Moses’ Rod Becomes a Serpent (Exodus 4.1-5)
 And Moses answered and said, But, behold, they will not believe me, nor hearken unto my voice: for they will say, The LORD hath not appeared unto thee.
 And the LORD said unto him, What is that in thine hand? And he said, A rod.
 And he said, Cast it on the ground. And he cast it on the ground, and it became a serpent; and Moses fled from before it.
 And the LORD said unto Moses, Put forth thine hand, and take it by the tail. And he put forth his hand, and caught it, and it became a rod in his hand:
 That they may believe that the LORD God of their fathers, the God of Abraham, the God of Isaac, and the God of Jacob, hath appeared unto thee.
(88) Nor, indeed, does the pleasure which is in the form of a serpent, abstain from attacking that most sincere lover of God, Moses, for we read as follows; “If, therefore, they will not obey me, nor listen to my voice–for they will say, God has not been seen by you–what shall I say to them? And the Lord said unto Moses, What is that which is in thy hand? And he said, A rod. And God said, Cast it on the ground. And he cast it on the ground, and it became a serpent, and Moses fled from it. And the Lord said unto Moses, Stretch forth thy hand, and take hold of it by the tail. And having stretched forth his hand, he took hold of it by the tail, and it became a rod in his hand. And the Lord said unto him, That they may believe Thee”. [Ex 4:3]
(89) How can any one believe God? If he has learnt that all other things are changed, but that he alone is unchangeable. Therefore, God asks of the wise Moses what there is in the practical life of his soul; for the hand is the symbol of action. And he answers, Instruction, which he calls a rod. On which account Jacob the supplanter of the passions, says, “For in my staff did I pass over this Jordan”. [Gen 32:10] But Jordan being interpreted means descent. And of the lower, and earthly, and perishable nature, vice and passion are component parts; and the mind of the ascetic passes over them in the course of its education. For it is too low a notion to explain his saying literally; as if it meant that he crossed the river, holding his staff in his hand.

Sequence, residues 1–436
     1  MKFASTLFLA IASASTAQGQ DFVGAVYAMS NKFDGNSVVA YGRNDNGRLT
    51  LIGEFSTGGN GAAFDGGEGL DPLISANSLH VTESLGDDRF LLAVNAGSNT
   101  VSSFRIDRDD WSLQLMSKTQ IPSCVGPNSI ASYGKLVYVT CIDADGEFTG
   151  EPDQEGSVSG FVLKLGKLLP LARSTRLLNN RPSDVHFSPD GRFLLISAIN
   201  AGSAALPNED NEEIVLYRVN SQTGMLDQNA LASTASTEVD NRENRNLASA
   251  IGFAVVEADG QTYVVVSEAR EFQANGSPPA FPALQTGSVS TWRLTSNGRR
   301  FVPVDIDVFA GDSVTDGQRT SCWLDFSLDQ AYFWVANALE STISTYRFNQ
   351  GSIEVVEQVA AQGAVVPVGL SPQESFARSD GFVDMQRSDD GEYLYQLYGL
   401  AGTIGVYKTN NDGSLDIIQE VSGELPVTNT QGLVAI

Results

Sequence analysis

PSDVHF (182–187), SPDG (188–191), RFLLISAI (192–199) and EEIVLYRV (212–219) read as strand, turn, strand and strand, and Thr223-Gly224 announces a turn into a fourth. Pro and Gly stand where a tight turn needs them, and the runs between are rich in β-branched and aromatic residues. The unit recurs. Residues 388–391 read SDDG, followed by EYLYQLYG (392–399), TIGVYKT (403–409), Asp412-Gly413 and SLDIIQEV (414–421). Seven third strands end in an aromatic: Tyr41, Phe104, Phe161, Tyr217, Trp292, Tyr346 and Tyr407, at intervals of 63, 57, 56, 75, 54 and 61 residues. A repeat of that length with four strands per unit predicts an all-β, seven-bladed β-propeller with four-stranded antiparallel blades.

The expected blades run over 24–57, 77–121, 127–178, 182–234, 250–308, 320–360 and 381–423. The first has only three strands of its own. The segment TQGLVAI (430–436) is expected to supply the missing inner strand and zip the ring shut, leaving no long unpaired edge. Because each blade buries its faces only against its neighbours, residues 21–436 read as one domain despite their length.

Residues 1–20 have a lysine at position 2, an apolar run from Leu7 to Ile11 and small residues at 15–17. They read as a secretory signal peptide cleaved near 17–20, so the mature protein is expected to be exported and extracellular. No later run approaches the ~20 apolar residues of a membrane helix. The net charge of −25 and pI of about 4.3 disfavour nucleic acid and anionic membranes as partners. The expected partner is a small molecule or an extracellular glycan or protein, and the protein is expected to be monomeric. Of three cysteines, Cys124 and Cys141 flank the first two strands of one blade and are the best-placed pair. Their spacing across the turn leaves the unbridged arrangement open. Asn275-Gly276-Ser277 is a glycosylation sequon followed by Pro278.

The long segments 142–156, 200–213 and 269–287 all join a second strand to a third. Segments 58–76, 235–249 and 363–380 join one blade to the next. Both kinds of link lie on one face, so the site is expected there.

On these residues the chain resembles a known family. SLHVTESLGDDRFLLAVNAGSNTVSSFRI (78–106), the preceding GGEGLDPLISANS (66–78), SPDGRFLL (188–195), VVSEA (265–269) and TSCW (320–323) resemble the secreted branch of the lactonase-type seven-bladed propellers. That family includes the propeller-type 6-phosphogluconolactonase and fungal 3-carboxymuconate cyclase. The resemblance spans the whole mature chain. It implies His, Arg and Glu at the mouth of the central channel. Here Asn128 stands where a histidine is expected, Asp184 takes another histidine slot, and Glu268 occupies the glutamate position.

XXIII. (90) Well, therefore, does the Godloving Moses answer. For truly the actions of the virtuous man are supported by education as by a rod, tranquillizing the disturbances and agitations of the mind. This rod, when cast away, becomes a serpent. Very appropriately. For if the soul casts away instruction, it becomes fond of pleasure [philhedonos] instead of being fond of virtue [philaretos]. On which account Moses fled from it, for the man who is fond of virtue does flee from passion and from pleasure.
(91) But God did not praise his flight. For it is fitting, indeed, for your mind, before you are made perfect, to meditate flight and escape from the passions; but Moses, that perfect man, ought rather to persevere in his war against them, and to resist them, and to strive against them, otherwise they, relying on their freedom from danger and on their power, will ascend up to the citadel of the soul, and take it by storm, and will plunder it entirely, like a tyrant.
(92) On which account God commanded Moses “to take hold of it by the tail,” that is to say, let not the hostile and untameable spirit of pleasure terrify you, but with all your power take hold of it, and seize it firmly, and master it. For it will again become a rod instead of a serpent, that is to say, instead of pleasure it will become instruction in your hand;
(93) but it will be in your hand, that is in the action of a wise man, which, indeed, is true. But it is impossible to take hold of and to master pleasure, unless the hand be first stretched out, that is to say, unless the soul confesses that all actions and all progress is derived from God; and attributes nothing to himself. Accordingly he, when he saw this serpent, decided to flee from it? But he prepared another principle, that of temperance, which is the brazen serpent: that whosoever was bitten by pleasure, when he looked on temperance, might live a real life.
Source: Yonge, Charles Duke. The Works of Philo. Complete and Unabridged, New Updated Edition. David M. Scholer, editor. Hendrickson Publishers, 1993. ISBN 0943575931.